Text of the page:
“It doesn’t matter who we’re playing,” Pastner said. “If we’re playing a Division III team, a Division II team, if we’re playing Lamar, if we’re playing North Carolina or we’re playing Gonzaga or we’re playing the Atlanta Hawks – if we don’t have energy, it can be a recipe for disaster.”

Playing before an announced crowd of 3,625, Tech turned the ball over 10 times – an improvement on the 14 in the loss to Miami (Ohio) and 16 in the win over Stetson. But the Jackets squeezed five of them into an 8:20 stretch in the second half that helped the Cardinals climb back in the game. Lamar coach Alvin Brooks said he told his team at halftime to concentrate on chipping away at the 39-22 halftime lead through each four-minute segment.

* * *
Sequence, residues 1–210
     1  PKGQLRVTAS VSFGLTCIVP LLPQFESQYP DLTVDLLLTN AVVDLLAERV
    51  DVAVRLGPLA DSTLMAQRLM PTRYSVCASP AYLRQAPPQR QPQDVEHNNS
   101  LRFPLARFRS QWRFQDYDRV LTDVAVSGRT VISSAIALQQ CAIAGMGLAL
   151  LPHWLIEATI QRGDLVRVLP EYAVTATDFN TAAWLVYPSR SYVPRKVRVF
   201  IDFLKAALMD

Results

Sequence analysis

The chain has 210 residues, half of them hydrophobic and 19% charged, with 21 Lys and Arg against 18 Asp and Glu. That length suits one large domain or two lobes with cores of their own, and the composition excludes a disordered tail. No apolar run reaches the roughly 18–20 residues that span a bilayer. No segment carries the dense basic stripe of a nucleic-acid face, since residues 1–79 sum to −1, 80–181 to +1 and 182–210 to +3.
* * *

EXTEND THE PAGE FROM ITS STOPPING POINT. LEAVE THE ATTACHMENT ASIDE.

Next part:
“If we can get a little closer, cut the gap two or three points each segment, it could get interesting now,” Brooks said. “Once it gets close, then let’s see how good we are. And we did that.”

Lamar would not seem to be nearly the team that Miami is, and not only because the RedHawks crushed the Cardinals 104-75 on Saturday night. Miami is more experienced and plays in a more competitive conference. So for Lamar to have made things interesting against the defending ACC champions on their home court is not ideal, but perhaps an early-season growing pain to be endured for Pastner’s team. It was not costly Monday as it was the previous Tuesday against Miami, whom Tech led by six points at the two-minute mark before losing 72-69.

“We’ve just got to learn to keep not losing our energy,” Pastner said. “Can’t just be when things are going well. It’s got to be an all-time thing.”